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Core–peripheral temperature gradient as a diagnostic test in dyspnoea
  1. S F J Clarke1,
  2. R J Parris1,
  3. K Reynard2
  1. 1South Manchester University Hospital, Southmoor Road, Wythenshawe, Manchester, UK
  2. 2St James’s University Hospital, Beckett Street, Leeds, UK
  1. Correspondence to:
 Dr S Clarke
 Locum Consultant in Emergency Medicine, South Manchester University Hospital, Southmoor Road, Wythenshawe, Manchester, M23 9LT, UK; sfjclarkedoctors.org.uk

Abstract

Objectives: To evaluate whether the core–peripheral temperature gradient could be used to distinguish between cardiac and respiratory causes of dyspnoea.

Methods: In total, 50 patients were enrolled in the study, based on the following inclusion criteria: (a) a primary presenting complaint of dyspnoea; (b) age >40 years; (c) respiratory rate >20 breaths/min; (d) hypoxia. The tympanic temperature and the temperature of the nasal tip were recorded, and the patient’s discharge data and chest x ray results checked. Where there was discordance, arbitration was carried out by another researcher.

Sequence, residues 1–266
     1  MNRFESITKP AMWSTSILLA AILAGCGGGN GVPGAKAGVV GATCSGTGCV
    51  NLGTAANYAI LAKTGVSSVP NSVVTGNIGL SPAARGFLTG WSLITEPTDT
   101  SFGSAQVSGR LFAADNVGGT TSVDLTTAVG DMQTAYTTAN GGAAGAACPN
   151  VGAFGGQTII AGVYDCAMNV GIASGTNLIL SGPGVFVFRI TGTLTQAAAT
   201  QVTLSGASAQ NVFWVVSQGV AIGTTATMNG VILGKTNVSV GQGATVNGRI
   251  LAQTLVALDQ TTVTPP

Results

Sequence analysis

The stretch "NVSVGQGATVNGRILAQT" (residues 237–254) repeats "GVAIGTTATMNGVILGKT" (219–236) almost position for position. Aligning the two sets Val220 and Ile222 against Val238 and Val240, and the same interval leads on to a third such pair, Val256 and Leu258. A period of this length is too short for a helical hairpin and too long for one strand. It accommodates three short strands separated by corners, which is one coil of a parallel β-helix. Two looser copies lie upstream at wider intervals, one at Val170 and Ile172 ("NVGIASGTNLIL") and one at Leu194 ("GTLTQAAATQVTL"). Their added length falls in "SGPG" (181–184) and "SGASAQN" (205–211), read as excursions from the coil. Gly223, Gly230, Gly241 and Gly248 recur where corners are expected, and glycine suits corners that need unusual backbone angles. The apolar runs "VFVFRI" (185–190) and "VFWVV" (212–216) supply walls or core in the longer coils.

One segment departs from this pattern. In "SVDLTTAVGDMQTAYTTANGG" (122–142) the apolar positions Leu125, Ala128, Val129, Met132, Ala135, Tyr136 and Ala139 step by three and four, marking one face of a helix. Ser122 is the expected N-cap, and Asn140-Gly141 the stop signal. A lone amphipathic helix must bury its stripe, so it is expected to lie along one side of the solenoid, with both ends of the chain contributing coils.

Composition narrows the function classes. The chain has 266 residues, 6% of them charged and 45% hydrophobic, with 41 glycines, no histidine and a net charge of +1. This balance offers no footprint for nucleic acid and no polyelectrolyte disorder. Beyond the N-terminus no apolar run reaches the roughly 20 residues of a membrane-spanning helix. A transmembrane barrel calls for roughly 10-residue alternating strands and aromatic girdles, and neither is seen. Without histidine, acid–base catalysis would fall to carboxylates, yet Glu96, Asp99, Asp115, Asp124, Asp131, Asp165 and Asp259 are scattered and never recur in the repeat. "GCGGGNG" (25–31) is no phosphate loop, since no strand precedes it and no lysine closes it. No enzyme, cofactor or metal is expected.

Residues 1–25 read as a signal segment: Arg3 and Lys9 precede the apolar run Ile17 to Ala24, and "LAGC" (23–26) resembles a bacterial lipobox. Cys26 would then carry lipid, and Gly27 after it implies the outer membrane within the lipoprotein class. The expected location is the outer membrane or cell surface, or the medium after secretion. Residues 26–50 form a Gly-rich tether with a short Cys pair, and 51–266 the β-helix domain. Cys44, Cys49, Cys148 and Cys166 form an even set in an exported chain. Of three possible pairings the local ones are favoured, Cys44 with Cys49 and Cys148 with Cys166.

Results: Four patients were excluded, hence the final study sample was 46 patients. There was a statistically significant difference between the mean temperature gradients of the two study populations (p <0.001). A gradient of >8°C was able to rule in a cardiovascular cause (92% specificity) whereas one of <5°C could rule it out (100% sensitivity).

Conclusion: The test is safe, non-invasive and inexpensive. Although there were some limitations to the study, the test can still be commended as a useful adjunct to the emergency assessment of the acutely breathless patient.

  • Breathlessness
  • core peripheral temperature
  • dyspnoea
  • temperature gradient
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Footnotes

  • Competing interests: Tyco Healthcare provided a tympanic membrane thermometer and disposables for the duration of the study. No other funding was received.

  • We thank A Horrocks and R Sawyer for reviewing the chest radiographs of the patients in the study.

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